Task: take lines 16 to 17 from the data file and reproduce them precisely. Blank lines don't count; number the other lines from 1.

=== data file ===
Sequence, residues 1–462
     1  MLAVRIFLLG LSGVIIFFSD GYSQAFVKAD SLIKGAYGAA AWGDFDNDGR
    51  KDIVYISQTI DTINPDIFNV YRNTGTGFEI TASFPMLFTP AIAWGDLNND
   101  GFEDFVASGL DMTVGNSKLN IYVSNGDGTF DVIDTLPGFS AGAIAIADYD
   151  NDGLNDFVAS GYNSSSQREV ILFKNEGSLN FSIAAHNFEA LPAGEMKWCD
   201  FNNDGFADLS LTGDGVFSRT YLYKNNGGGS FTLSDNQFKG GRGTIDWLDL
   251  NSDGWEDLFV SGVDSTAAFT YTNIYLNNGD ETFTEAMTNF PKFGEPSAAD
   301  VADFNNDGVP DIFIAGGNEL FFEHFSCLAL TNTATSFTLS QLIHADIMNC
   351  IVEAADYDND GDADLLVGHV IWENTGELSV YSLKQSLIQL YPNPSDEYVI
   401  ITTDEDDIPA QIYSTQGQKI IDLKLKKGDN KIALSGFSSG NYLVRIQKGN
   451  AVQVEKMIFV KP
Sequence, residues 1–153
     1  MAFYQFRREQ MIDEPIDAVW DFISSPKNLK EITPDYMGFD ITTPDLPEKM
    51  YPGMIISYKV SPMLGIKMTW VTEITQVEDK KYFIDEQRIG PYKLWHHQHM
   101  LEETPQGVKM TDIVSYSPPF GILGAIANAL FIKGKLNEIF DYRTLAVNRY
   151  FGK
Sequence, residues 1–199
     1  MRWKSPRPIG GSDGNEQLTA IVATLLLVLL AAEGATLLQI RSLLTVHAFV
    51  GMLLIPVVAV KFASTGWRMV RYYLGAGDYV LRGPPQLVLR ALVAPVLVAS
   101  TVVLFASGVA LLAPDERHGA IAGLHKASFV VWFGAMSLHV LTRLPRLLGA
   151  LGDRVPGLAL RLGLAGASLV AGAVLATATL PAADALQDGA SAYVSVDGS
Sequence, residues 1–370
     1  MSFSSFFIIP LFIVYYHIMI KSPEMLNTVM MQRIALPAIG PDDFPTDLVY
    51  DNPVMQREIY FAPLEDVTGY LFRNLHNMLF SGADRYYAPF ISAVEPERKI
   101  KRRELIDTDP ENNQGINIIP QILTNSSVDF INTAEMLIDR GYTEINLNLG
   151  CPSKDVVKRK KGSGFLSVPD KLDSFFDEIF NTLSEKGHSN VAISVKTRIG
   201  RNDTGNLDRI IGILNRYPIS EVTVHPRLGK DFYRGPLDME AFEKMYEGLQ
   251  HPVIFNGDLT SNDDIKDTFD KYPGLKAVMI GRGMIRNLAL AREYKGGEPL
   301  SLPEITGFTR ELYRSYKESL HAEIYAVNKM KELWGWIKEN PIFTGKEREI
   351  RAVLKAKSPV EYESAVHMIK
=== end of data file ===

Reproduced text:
   151  FGK
Sequence, residues 1–199